- Auto Components
Is Kongsberg Automotive (OB:KOA) Using Too Much Debt?
Warren Buffett famously said, 'Volatility is far from synonymous with risk.' So it seems the smart money knows that debt - which is usually involved in bankruptcies - is a very important factor, when you assess how risky a company is. We note that Kongsberg Automotive ASA (OB:KOA) does have debt on its balance sheet. But should shareholders be worried about its use of debt?
When Is Debt Dangerous?
Debt assists a business until the business has trouble paying it off, either with new capital or with free cash flow. In the worst case scenario, a company can go bankrupt if it cannot pay its creditors. However, a more common (but still painful) scenario is that it has to raise new equity capital at a low price, thus permanently diluting shareholders. Of course, plenty of companies use debt to fund growth, without any negative consequences. When we think about a company's use of debt, we first look at cash and debt together.
See our latest analysis for Kongsberg Automotive
What Is Kongsberg Automotive's Debt?
As you can see below, Kongsberg Automotive had €197.9m of debt at December 2022, down from €292.7m a year prior. However, it does have €212.9m in cash offsetting this, leading to net cash of €15.0m.
A Look At Kongsberg Automotive's Liabilities
We can see from the most recent balance sheet that Kongsberg Automotive had liabilities of €214.4m falling due within a year, and liabilities of €303.0m due beyond that. Offsetting this, it had €212.9m in cash and €188.9m in receivables that were due within 12 months. So its liabilities total €115.6m more than the combination of its cash and short-term receivables.
This deficit is considerable relative to its market capitalization of €191.8m, so it does suggest shareholders should keep an eye on Kongsberg Automotive's use of debt. This suggests shareholders would be heavily diluted if the company needed to shore up its balance sheet in a hurry. While it does have liabilities worth noting, Kongsberg Automotive also has more cash than debt, so we're pretty confident it can manage its debt safely.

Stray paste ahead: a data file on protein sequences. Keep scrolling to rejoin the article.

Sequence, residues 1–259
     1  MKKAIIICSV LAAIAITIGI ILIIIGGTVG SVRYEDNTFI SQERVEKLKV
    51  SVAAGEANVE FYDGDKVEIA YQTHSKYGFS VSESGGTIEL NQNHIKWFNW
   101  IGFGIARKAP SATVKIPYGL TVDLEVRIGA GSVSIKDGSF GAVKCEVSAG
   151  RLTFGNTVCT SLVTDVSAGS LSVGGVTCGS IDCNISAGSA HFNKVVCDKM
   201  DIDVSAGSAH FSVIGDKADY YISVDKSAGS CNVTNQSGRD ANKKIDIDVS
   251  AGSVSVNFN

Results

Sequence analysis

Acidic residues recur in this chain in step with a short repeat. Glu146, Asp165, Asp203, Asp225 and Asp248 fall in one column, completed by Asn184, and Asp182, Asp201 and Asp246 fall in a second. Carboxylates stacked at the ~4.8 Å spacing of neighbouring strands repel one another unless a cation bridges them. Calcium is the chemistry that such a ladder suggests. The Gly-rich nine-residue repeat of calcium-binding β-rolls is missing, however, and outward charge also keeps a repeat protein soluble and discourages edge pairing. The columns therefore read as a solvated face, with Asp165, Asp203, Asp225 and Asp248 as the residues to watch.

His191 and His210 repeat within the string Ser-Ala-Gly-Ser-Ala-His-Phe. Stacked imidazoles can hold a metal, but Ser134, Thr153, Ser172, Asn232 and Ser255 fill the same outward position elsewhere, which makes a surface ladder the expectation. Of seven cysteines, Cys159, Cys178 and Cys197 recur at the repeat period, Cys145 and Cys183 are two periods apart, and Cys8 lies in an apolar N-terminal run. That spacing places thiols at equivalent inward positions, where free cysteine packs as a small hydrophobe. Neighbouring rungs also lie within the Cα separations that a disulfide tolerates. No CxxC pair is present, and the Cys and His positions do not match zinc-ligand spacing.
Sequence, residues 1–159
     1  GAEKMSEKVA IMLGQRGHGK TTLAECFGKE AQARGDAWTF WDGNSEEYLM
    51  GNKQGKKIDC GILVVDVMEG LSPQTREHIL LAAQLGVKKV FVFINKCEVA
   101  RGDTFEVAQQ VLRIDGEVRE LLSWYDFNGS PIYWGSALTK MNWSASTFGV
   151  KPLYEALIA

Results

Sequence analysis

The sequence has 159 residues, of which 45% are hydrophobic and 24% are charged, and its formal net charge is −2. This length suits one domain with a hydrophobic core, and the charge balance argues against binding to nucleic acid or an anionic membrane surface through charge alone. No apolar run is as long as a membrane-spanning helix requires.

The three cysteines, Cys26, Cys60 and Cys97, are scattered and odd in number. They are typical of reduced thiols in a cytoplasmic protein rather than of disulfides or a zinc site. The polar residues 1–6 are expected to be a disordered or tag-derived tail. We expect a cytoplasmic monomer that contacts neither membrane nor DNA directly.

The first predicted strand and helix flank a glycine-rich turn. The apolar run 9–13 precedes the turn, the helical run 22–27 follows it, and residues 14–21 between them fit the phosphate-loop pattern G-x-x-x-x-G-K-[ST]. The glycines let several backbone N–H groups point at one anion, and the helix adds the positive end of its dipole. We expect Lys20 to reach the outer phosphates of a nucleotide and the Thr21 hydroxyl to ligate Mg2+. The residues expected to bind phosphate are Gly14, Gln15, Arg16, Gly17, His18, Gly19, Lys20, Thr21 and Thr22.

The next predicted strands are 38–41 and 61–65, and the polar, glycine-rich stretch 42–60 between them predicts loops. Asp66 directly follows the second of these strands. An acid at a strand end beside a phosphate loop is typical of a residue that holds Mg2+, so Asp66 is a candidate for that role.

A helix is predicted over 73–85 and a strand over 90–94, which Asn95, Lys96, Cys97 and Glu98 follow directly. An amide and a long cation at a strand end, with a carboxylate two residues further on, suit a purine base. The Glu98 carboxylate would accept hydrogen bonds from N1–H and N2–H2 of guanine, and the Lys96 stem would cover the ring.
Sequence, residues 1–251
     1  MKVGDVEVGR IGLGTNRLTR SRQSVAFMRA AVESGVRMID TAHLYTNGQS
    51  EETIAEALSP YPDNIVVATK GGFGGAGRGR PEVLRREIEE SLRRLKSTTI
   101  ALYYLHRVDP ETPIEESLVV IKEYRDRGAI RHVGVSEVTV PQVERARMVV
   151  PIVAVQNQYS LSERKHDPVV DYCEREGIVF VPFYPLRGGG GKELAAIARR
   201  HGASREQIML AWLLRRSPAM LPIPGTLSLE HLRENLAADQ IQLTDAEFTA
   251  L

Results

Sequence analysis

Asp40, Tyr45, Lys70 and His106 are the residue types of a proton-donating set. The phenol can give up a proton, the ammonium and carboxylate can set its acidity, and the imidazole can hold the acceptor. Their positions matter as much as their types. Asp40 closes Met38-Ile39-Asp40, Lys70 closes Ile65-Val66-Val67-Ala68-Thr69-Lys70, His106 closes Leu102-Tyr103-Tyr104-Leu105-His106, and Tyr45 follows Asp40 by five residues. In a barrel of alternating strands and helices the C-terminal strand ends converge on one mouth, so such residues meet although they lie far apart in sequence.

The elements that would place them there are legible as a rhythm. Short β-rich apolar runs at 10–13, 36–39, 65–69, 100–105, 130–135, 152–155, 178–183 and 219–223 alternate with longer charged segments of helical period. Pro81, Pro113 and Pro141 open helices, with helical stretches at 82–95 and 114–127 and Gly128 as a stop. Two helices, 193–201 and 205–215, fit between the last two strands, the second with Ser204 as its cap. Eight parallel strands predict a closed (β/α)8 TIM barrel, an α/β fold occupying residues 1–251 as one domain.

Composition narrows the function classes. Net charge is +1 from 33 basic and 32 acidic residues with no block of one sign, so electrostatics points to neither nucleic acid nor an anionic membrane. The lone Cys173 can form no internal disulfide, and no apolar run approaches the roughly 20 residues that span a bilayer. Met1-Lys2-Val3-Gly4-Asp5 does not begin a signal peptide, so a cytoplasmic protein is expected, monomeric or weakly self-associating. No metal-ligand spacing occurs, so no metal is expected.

Shareholders should be aware that Kongsberg Automotive's EBIT was down 57% last year. If that earnings trend continues then paying off its debt will be about as easy as herding cats on to a roller coaster. When analysing debt levels, the balance sheet is the obvious place to start. But you can't view debt in total isolation; since Kongsberg Automotive will need earnings to service that debt. So if you're keen to discover more about its earnings, it might be worth checking out this graph of its long term earnings trend.
But our final consideration is also important, because a company cannot pay debt with paper profits; it needs cold hard cash. While Kongsberg Automotive has net cash on its balance sheet, it's still worth taking a look at its ability to convert earnings before interest and tax (EBIT) to free cash flow, to help us understand how quickly it is building (or eroding) that cash balance. During the last three years, Kongsberg Automotive generated free cash flow amounting to a very robust 85% of its EBIT, more than we'd expect. That positions it well to pay down debt if desirable to do so.
Although Kongsberg Automotive's balance sheet isn't particularly strong, due to the total liabilities, it is clearly positive to see that it has net cash of €15.0m. The cherry on top was that in converted 85% of that EBIT to free cash flow, bringing in €74m. So although we see some areas for improvement, we're not too worried about Kongsberg Automotive's balance sheet. There's no doubt that we learn most about debt from the balance sheet. However, not all investment risk resides within the balance sheet - far from it. We've identified 2 warning signs with Kongsberg Automotive , and understanding them should be part of your investment process.
If, after all that, you're more interested in a fast growing company with a rock-solid balance sheet, then check out our list of net cash growth stocks without delay.
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This article by Simply Wall St is general in nature. We provide commentary based on historical data and analyst forecasts only using an unbiased methodology and our articles are not intended to be financial advice. It does not constitute a recommendation to buy or sell any stock, and does not take account of your objectives, or your financial situation. We aim to bring you long-term focused analysis driven by fundamental data. Note that our analysis may not factor in the latest price-sensitive company announcements or qualitative material. Simply Wall St has no position in any stocks mentioned.
Kongsberg Automotive ASA develops, manufactures, and sells products to the automotive industry worldwide.
Excellent balance sheet and good value.